Retired professor of geology from Radford University, Earnst Kastning, gestures before the State Water Control Board gave final approval this week the planned Mountain Valley Pipeline. Opponents filed suit in federal court on Friday to try to stop the project. (Steve Helber/AP)

A coalition of environmental groups filed suit Friday to try to block the Mountain Valley Pipeline, a natural gas pipeline planned for the southwestern portion of Virginia that cleared the last regulatory hurdle and won state water permits Thursday.

Appalachian Mountain Advocates filed the suit in the U.S. Court of Appeals for the 4th Circuit, seeking a review of the permits issued by the State Water Control Board.

The pipeline is planned to run about 300 miles from West Virginia through the southwest corner of Virginia, to a location in Pittsylvania County near the North Carolina border. It's being built by a group of companies led by EQT Midstream Partners of Pittsburgh.

Appalachian Mountain Advocates was joined in the lawsuit by the Sierra Club, Appalachian Voices, the Chesapeake Climate Action Network and Wild Virginia.

The groups contend that the state board and the Department of Environmental Quality rushed the review process and cut corners. The state has said that the pipeline has faced "the most rigorous regulatory process" of any such project in state history.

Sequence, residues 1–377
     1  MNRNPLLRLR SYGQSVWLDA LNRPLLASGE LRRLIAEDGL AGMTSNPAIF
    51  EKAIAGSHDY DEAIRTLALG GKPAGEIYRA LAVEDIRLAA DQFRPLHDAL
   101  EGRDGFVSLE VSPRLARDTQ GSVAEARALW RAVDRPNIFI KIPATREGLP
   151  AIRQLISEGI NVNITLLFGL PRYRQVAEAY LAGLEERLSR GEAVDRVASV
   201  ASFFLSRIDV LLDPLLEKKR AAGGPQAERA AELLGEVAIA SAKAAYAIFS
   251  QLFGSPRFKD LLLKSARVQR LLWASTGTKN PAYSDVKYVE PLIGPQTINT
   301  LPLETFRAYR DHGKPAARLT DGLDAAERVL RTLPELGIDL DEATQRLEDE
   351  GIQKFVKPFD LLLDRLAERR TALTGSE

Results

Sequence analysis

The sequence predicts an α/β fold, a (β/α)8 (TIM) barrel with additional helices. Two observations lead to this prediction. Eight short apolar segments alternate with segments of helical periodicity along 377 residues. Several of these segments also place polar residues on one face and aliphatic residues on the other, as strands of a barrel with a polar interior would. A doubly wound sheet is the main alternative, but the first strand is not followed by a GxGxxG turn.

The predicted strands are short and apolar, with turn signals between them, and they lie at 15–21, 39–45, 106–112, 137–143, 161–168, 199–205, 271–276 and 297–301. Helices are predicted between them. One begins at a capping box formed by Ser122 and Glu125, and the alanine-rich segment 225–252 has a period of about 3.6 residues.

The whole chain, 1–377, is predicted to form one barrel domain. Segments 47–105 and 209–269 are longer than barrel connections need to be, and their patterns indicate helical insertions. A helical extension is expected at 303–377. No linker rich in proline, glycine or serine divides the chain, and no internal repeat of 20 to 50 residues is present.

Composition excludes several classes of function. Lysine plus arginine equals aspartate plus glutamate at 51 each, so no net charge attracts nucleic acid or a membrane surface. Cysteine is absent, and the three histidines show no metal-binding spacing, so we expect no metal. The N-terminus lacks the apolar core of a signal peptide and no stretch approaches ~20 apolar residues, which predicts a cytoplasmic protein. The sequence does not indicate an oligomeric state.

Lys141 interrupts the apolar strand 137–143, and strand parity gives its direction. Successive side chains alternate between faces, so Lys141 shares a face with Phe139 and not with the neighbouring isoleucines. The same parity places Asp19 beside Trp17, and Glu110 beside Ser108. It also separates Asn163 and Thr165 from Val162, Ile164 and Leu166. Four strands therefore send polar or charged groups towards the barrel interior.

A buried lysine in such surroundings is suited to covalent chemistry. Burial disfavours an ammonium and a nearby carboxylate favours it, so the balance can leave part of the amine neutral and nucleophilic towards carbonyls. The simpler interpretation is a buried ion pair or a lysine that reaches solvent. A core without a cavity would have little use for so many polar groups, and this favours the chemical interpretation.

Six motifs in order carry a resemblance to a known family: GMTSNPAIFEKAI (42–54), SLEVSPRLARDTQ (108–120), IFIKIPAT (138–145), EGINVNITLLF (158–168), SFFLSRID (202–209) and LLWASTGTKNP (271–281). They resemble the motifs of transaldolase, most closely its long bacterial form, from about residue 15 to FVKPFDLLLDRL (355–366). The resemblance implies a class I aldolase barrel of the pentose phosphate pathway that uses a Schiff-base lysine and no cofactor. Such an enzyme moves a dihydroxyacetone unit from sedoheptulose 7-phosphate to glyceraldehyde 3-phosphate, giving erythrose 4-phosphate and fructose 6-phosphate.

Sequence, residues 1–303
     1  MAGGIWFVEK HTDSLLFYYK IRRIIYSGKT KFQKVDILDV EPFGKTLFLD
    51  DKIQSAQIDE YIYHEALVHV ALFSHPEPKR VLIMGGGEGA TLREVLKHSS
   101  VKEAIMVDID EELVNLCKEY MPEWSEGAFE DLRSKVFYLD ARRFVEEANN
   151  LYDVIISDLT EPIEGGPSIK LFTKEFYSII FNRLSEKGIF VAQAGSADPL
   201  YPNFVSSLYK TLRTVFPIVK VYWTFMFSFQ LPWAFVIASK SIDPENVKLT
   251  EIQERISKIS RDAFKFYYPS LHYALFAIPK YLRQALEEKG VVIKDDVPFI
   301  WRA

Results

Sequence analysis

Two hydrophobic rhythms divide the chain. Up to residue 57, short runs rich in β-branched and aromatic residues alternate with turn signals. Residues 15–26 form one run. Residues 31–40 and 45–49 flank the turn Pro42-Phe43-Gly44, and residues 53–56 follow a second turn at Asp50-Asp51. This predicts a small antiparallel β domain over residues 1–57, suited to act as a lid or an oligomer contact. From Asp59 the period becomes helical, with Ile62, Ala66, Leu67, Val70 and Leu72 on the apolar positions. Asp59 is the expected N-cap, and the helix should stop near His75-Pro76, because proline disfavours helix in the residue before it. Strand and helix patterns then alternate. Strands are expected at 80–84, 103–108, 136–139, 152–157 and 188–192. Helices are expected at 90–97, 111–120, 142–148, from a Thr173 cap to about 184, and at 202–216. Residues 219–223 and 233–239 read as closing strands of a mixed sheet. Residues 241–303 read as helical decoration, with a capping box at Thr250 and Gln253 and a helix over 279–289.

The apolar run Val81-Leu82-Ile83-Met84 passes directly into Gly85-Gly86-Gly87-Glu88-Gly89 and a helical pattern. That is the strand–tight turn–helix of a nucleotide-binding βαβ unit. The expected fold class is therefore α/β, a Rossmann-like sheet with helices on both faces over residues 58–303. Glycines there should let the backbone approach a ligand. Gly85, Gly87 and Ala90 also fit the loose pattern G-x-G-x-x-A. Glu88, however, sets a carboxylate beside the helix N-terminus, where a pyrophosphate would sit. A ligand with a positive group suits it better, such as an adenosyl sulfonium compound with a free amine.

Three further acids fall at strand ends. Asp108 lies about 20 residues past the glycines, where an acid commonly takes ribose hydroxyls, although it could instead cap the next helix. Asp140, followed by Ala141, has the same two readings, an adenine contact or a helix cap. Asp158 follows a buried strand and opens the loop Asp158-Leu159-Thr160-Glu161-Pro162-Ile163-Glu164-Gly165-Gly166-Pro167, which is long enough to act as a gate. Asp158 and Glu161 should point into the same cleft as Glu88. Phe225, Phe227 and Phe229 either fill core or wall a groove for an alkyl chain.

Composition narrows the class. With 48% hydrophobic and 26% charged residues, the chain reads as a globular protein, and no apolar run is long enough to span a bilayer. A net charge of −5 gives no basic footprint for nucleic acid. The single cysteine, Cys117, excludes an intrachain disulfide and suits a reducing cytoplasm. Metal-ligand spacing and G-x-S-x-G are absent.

An even larger pipeline project — the more than 600-mile Atlantic Coast Pipeline, backed by the state's largest utility, Dominion Energy — faces water permit hearings Monday and Tuesday. That pipeline would run from West Virginia through Virginia to North Carolina.

Supporters of the pipelines, including Gov. Terry McAuliffe (D), say they will generate jobs and economic activity for the state and provide utilities with needed capacity. Opponents, including environmentalists and land-rights activists, say they threaten fragile ecosystems and impinge on property rights of landowners along the routes.